Happy Friday! Take a look at the latest recruiting news that popped on our newsfeed this week:
Company Is Offering ‘Fur-ternity Leave’ for New Pet Owners (Read @ New York Times)
A Minneapolis marketing company recently made tweaks to its employee benefits this summer, ranging from conventional to unusual. It gave workers a larger commuter stipend, as well as a reason to avoid the office altogether: “fur-ternity leave,” or the ability to work from home for a week to welcome new dogs or cats.
Fewer Americans Uproot Themselves for a New Job (Read @ The Wall Street Journal)
Fewer U.S. workers are moving around the country to seek new job opportunities, as changing family ties and more openings near home make people less willing to uproot their lives for work. About 3.5 million people relocated for a new job last year, according to U.S. census data, a 10% drop from 3.8 million in 2015. The numbers have fluctuated between 2.8 million and 4.5 million since the government started tracking annual job-related relocations in 1999—but have been trending lower overall, even as the U.S. population grew by nearly 20% over that stretch.
Update Your Employment Application to Increase Candidate Response (Read @ iRecruit Blog)
It’s increasingly easy to drive away potential candidates from your career site. A too-long job description, and the longer an employment application is, and the more screener questions, or required questions the more likely someone is to abandon your application altogether. Although iRecruit allows candidates to save their information, which they can later return to to finish an application, the quicker you make it for people to apply, the more likely you are to receive candidates.
Employers Say 64 Is Too Old To Get A Job (Read @ Forbes)
When is someone too old to work and too old to hire? Employers and workers don’t agree, and that’s a problem. With so many people living well into their late 80s, 90s, even 100, many older workers need a job past 65, not just to stay engaged and healthy, but to save more for retirement.
Recruiting Veterans Can Improve Your Company’s Bottom Line — Here’s How to Do It (Read @ Glassdoor for Employers)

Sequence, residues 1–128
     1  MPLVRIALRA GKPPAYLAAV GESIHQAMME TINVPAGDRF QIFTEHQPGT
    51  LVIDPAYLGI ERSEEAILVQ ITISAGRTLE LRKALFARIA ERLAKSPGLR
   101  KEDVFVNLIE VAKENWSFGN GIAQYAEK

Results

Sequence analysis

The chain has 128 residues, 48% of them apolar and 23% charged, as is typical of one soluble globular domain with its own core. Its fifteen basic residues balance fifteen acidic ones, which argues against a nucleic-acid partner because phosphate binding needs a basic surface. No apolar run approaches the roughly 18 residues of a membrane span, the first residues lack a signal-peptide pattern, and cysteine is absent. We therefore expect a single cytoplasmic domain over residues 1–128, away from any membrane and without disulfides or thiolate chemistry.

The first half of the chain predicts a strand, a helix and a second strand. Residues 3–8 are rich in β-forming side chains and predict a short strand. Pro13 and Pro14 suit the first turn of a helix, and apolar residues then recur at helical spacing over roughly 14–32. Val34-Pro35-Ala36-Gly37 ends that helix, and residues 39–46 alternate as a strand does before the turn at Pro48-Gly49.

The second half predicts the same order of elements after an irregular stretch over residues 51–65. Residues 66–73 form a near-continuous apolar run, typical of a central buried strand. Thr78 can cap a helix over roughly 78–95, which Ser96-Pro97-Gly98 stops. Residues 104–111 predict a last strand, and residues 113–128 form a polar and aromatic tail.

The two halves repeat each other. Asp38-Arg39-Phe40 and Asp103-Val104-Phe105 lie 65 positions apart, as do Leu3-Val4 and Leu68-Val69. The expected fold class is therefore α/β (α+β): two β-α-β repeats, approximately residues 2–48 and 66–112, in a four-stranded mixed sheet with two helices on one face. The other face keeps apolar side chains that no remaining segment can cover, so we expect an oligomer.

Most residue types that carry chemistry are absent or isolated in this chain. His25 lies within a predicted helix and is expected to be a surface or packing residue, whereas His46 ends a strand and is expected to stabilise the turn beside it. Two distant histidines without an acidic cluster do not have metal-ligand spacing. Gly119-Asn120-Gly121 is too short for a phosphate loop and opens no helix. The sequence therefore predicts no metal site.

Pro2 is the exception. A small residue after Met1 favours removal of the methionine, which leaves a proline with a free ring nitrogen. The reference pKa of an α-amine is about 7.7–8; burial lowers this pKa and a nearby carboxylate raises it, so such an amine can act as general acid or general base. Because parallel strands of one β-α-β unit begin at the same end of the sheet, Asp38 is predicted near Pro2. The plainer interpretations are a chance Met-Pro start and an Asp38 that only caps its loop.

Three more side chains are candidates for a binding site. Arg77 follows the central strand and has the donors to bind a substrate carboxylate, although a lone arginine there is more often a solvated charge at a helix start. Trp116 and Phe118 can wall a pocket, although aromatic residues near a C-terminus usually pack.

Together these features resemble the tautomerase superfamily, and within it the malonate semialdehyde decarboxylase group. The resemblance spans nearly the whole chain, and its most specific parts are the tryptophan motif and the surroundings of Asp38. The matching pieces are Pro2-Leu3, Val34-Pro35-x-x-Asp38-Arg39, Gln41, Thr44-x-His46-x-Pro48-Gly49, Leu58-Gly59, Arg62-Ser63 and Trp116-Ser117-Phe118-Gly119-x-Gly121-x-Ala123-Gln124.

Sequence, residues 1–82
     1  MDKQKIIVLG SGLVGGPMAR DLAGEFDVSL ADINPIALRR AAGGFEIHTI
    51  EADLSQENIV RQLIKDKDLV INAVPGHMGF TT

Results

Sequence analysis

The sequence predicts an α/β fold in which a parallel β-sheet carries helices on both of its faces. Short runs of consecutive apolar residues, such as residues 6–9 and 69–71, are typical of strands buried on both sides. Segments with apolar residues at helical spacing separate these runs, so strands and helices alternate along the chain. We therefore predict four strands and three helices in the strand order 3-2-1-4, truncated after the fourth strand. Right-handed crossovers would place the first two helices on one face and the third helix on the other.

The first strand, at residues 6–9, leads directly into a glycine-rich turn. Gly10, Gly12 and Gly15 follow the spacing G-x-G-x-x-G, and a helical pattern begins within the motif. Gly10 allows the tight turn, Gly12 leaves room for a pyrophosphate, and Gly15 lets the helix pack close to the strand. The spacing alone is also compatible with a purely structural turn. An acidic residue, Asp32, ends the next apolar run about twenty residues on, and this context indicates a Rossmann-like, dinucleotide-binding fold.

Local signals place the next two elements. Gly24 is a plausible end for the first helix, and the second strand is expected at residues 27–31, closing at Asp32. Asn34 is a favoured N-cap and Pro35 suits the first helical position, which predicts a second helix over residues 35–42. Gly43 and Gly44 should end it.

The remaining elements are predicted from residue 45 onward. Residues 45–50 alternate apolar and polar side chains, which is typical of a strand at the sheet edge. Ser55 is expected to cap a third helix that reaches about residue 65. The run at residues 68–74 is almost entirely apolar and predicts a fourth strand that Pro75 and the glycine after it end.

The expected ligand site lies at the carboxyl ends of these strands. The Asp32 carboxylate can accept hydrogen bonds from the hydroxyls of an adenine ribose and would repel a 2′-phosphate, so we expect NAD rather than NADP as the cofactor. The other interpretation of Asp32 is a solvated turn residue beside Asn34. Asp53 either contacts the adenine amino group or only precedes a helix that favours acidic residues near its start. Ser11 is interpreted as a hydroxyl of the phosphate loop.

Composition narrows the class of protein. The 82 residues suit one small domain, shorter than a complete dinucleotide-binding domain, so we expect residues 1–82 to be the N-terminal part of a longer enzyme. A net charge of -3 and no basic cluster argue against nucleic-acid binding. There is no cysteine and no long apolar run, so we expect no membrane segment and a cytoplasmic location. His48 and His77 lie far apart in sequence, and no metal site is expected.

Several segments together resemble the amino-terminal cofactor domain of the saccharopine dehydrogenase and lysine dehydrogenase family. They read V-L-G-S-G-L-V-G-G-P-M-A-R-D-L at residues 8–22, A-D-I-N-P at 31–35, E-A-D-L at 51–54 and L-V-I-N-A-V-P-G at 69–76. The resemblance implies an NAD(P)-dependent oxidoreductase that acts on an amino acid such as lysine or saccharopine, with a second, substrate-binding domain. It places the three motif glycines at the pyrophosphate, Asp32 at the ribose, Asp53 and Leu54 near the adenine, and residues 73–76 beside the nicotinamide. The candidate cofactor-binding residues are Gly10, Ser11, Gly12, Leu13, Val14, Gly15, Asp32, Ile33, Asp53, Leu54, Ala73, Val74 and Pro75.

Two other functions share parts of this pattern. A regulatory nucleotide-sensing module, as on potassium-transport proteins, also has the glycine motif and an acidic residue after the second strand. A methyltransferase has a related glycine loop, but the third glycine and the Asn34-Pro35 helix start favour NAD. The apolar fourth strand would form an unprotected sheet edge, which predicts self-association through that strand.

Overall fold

What are your company’s biggest goals right now — building out a core product, improving customer service, growing your client base? When looking at employers’ top priorities, it’s rare to find hiring more veterans among them. But when you hear what National Director of Military Affairs at Power Home Remodeling Mike Hansen has to say, you just might change your mind.
Are Job Ads Targeting Young Workers Breaking The Law? (Read @NPR)
After working at a call center for two decades, Linda Bradley’s job came to an end about a year and a half ago. Since her layoff, she has combed online job sites every day looking for work — without much luck.
Verified First Background Screening Services (Read @ Verified First Blog)
When working with new or potential clients, we are often asked about fingerprinting. Usually, the question is, “we already fingerprint, so why do we need to background check?” We have found some hiring managers believe that fingerprinting is the ultimate solution for background screening. While fingerprinting can provide valuable information on a candidate, there are five reasons why it is not a complete screening solution.
WOTC Tax Credits Help Grow the Economy (Read @ WOTC Blog)
CMS’s resident tax credit expert Brian Kelly recently took to the airwaves in Philadelphia on WWDB-AM Talk 860’s the Philly Business Spotlight Hour to spread the word about the Work Opportunity Tax Credit. WOTC is a program that helps disadvantaged US citizens to gain employment, and at the same time it helps businesses to reduce their tax burden by hiring them.
5 Things Your Company Should Do to Prepare for Gen Z (Read @ LinkedIn Talent Blog)
There has been a lot of talk about millennials in the workplace over the past decade. And, it would be easy to assume that the next generation – Generation Z – has similar wants and needs. But you know what they say about assuming…. And as it turns out, the two generations are very different.